Transcribed from History of Labette County, Kansas and its Representative Citizens, ed. & comp. by Hon. Nelson Case. Pub. by Biographical Publishing Co., Chicago, Ill. 1901

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Frederick Bostelmann

FREDERICK BOSTELMANN, a well known and highly esteemed resident of Walton township, occupies a prominent place among the well-to-do farmers of Labette county, Kansas. He was born in Germany in 1844, and received his intellectual training in the schools of his native counfry. He followed farming during his early manhood, and in 1866, when twenty-two years of age, came to America. He landed at Baltimore, Maryland, and subsequently traveled inland as far as Ohio. Some time later he came west, to Iowa, where he remained for several years. In the fall of 1871 he located permanently upon the farm which is now his home. This farm comprises the northwest quarter of section 1, in Walton township, and is a tract of as finely cultivated land as can be found in the county. This land Mr. Bostelman has spent the past thirty years in cultivating and improving. He carries on general farming, and raises all sorts of grain, some stock, and various kinds of fruit.

Mr. Bostelmann frequently refers to incidents of his experience in getting to Kansas, which was then but sparsely settled. While living in Iowa he was an employee on the Rock Island Railroad, and this fact enabled him to travel by rail as far as Omaha, Nebraska. From that point the trip down the Missouri river to Kansas City, Missouri, was made on a flat boat. The rest of the journey was pursued via Fort Scott to Labette county. In the fall of 1870, when Mr. Bostelmann first arrived in the county, he was accompanied by August Hoffman. They "bached" on the farmer's claim. Mr. Hoffman had purchased the adjoining claim, but still they "bached" together in a 12 by 14 feet box shanty. While away at supper on an adjoining claim, their shanty was set on fire by a posse of 16 men, who, it is thought, wanted to frighten Mr. Bostelmann and his partner away. They did not accomplish their purpose, as the former was not so easily scared, but at once set about to build a log cabin, which soon replaced the box house. The guilty parties were brought to justice, which soon settled all trouble.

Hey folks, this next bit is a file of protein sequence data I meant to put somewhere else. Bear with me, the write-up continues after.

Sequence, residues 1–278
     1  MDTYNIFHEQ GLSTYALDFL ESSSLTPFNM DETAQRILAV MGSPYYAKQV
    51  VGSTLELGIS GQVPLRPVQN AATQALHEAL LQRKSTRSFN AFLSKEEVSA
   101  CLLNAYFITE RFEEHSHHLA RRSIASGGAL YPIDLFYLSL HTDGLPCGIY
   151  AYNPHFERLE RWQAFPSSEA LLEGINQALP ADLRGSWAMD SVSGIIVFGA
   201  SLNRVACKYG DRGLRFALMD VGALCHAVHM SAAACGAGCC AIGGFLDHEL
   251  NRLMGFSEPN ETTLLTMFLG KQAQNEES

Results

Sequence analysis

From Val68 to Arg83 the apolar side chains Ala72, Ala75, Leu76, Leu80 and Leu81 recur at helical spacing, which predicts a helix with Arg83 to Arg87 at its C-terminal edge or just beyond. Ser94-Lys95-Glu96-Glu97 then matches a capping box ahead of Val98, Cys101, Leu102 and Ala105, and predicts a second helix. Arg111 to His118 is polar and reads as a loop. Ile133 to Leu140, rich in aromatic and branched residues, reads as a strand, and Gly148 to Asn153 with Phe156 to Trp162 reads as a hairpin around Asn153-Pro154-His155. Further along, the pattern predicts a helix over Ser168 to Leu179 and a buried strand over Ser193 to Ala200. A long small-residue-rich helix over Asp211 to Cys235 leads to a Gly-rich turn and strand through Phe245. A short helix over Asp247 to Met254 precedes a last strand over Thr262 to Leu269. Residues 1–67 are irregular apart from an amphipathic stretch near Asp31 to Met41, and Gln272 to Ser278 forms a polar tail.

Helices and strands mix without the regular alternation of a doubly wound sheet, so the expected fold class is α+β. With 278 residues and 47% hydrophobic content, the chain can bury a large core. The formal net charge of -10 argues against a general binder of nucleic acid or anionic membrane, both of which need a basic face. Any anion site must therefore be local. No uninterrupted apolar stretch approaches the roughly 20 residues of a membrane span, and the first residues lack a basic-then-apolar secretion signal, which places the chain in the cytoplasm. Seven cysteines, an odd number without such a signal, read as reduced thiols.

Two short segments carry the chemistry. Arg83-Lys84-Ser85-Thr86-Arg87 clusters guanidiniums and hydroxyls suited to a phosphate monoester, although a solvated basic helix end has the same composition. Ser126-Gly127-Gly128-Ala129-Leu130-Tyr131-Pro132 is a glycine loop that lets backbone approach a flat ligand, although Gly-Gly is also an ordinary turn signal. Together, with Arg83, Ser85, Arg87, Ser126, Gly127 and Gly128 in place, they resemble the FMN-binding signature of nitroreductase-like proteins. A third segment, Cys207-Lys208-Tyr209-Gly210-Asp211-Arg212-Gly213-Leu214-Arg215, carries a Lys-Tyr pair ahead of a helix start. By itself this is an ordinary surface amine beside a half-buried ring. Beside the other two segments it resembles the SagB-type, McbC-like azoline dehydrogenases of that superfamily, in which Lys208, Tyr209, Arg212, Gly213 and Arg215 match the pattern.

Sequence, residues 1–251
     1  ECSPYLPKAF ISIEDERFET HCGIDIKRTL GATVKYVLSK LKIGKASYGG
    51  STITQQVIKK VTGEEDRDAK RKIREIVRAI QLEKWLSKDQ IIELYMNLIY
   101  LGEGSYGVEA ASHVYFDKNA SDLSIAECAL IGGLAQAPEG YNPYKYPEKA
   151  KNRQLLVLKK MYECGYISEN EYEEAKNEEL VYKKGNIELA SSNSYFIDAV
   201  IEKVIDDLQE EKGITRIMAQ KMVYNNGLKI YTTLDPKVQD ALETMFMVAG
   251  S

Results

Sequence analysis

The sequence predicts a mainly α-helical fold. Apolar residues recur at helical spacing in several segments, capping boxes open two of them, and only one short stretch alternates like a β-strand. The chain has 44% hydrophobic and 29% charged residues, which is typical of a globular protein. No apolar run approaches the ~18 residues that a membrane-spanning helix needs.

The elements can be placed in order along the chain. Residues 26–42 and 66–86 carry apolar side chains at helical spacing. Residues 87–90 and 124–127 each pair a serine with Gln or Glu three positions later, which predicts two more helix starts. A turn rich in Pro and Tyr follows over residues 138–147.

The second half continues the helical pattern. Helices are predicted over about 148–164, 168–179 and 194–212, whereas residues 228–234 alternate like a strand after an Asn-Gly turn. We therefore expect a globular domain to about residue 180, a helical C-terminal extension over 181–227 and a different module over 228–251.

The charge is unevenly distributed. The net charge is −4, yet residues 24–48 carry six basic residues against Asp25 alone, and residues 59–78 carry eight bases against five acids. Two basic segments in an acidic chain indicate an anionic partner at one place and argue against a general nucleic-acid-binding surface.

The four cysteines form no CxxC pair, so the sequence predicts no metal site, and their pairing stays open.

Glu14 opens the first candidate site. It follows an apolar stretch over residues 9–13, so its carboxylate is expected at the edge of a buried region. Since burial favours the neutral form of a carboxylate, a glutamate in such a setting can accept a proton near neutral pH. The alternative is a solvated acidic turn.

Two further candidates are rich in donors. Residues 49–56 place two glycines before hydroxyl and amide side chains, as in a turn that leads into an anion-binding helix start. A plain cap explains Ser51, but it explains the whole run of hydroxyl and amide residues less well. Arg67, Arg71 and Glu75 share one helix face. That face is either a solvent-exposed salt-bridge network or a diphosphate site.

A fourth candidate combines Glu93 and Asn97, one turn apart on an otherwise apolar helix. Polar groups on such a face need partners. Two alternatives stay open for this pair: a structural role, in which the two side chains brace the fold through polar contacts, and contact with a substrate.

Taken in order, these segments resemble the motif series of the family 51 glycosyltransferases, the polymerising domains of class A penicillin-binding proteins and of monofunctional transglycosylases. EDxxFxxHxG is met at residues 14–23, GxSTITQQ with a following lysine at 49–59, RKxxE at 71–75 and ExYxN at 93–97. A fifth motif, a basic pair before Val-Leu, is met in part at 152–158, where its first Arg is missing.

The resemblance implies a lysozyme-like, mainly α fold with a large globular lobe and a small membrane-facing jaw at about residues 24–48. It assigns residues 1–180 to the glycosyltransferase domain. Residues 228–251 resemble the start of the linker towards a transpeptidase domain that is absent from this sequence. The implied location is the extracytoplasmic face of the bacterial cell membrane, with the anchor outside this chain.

Mr. Bostelmann had one brother, Henry, who fell in the German military service. Their father, George Bostelmann, was a native of Germany, and never left his native land.

Frederick Bostelmann was united in marriage with Theresa Minder, a daughter of Daniel Minder, a respected citizen of Springfield, Illinois. Four children have blessed their home. One daughter, Rosie, is deceased. Those living are Mary, Henry and Edna.

Mr. Bostelmann is a man of great industry as a farmer. Success has attended his every effort, and in pecuniary acquisition he has become one of the substantial men of his section. He is a member of the German Evangelical church, and, fraternally, affiliates with Parsons Lodge, No. 12, A. 0. U. W. He is closely attached to the Democratic party, and exercises all his influence in behalf of the interests of that party. During his long residence in Walton township he has gained a large number of friends, who hold him in the highest esteem.